Featuring David Walker, Former Comptroller General, Government Accountability Office; David Wessel, Director, Hutchins Center, Brookings Institution; and Mark Calabria, Director, Financial Regulation Studies, Cato Institute; moderated by Josh Zumbrun, Reporter, Wall Street Journal.
For libertarians, the basic unit of social analysis is the individual. Individuals are, in all cases, the source and foundation of creativity, activity, and society. In the new issue of Cato Policy Report, Cato scholar David Boaz, author of The Libertarian Mind: A Manifesto for Freedom, explains the roles and rights of individuals in a free society, and cautions against a vision of a world in which individuals have no way to cooperate with others except through the state.
Two long wars, chronic deficits, the financial crisis, the costly drug war, the growth of executive power under Presidents Bush and Obama, and the revelations about NSA abuses, have given rise to a growing libertarian movement in our country – with a greater focus on individual liberty and less government power. David Boaz’s newly released The Libertarian Mind is a comprehensive guide to the history, philosophy, and growth of the libertarian movement, with incisive analyses of today’s most pressing issues and policies.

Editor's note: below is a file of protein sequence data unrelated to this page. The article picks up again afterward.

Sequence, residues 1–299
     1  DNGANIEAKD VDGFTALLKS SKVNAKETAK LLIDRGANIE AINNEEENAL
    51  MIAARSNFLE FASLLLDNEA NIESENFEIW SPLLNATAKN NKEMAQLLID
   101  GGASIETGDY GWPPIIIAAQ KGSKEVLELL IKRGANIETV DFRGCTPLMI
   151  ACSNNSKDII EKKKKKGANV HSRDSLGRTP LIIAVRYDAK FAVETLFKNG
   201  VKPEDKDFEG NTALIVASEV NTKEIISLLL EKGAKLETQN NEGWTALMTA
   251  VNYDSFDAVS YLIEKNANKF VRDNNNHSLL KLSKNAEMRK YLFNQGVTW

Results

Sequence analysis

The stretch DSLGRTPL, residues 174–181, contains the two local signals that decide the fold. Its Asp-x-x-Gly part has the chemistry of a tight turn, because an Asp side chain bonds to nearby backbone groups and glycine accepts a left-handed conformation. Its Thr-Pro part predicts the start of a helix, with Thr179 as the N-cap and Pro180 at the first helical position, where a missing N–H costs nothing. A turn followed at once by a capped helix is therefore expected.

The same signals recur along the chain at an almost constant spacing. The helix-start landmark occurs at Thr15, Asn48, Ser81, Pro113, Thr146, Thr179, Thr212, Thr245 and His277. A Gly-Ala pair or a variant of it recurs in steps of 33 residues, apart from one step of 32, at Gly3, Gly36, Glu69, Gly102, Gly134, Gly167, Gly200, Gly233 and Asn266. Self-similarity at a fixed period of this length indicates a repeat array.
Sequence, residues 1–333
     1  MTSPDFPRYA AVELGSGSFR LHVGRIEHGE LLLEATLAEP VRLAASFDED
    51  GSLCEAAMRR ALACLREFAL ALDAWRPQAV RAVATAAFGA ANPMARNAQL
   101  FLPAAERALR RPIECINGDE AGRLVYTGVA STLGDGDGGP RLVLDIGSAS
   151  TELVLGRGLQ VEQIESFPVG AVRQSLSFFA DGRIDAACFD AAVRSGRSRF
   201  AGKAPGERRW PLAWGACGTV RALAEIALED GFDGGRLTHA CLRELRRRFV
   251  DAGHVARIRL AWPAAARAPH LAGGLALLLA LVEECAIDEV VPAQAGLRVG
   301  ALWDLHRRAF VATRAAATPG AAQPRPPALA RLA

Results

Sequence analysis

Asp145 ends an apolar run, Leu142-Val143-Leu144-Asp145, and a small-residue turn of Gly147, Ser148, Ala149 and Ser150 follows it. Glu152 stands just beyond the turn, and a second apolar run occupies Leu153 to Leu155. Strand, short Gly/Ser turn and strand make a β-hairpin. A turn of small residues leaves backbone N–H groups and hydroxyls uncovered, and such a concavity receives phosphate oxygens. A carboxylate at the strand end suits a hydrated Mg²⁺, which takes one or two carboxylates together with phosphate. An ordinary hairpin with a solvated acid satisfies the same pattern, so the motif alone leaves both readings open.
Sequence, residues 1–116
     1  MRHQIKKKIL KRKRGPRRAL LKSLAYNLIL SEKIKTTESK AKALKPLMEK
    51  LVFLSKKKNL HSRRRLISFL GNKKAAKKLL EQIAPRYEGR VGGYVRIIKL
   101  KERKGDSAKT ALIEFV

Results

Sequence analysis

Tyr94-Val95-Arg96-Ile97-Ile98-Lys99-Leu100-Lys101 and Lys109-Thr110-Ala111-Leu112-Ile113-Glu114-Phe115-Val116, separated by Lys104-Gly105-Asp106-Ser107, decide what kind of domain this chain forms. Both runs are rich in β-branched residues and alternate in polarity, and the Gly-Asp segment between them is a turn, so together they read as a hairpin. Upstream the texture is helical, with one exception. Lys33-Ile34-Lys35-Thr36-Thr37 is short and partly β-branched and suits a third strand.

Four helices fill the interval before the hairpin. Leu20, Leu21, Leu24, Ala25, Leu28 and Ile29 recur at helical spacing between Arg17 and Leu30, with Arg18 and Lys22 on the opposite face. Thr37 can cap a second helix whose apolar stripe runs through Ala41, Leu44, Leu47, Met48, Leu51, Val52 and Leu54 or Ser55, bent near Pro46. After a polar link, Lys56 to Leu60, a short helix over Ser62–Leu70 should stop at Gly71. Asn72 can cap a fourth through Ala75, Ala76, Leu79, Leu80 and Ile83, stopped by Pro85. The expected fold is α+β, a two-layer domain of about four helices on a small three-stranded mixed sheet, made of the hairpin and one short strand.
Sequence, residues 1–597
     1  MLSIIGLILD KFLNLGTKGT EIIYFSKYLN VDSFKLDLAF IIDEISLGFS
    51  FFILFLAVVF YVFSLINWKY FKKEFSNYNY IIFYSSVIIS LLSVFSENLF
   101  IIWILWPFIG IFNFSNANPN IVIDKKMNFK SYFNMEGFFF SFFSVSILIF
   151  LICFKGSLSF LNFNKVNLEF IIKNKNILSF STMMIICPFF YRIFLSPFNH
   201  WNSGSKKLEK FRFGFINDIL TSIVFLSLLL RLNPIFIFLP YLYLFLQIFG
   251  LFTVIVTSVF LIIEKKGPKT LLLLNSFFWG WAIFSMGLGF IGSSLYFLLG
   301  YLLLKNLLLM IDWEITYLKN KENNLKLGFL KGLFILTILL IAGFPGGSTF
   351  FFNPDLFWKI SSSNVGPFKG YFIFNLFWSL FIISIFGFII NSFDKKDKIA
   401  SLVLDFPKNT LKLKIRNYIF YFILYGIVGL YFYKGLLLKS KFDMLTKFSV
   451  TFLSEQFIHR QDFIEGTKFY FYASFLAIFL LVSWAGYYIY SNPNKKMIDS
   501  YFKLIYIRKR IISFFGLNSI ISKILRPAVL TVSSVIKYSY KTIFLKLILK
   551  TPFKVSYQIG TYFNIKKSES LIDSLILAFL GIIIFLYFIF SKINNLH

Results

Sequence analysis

Featuring Tom Miller, Director, Health Policy Studies, Cato Institute.
Medicare suffers from multiple chronic conditions. Its Hospital Insurance Trust Fund just lost four more years of fiscal life expectancy. Overall spending for Medicare keeps growing faster than the economy. The benefit package remains out of date and fails to protect seniors against catastrophic costs. Medicare bureaucrats set the prices of thousands of services but know the market value of very few of them. On March 3 President Bush proposed a new framework for modernizing and improving Medicare, but he left most of the details to Congress. Will this year’s version of Medicare reform deliver market-based health care to seniors? Or will Medicare reform simply mean more money spent on an expanded version of the traditional program? Join Cato’s Tom Miller as he explains, not just where Medicare policy is headed, but where it should go.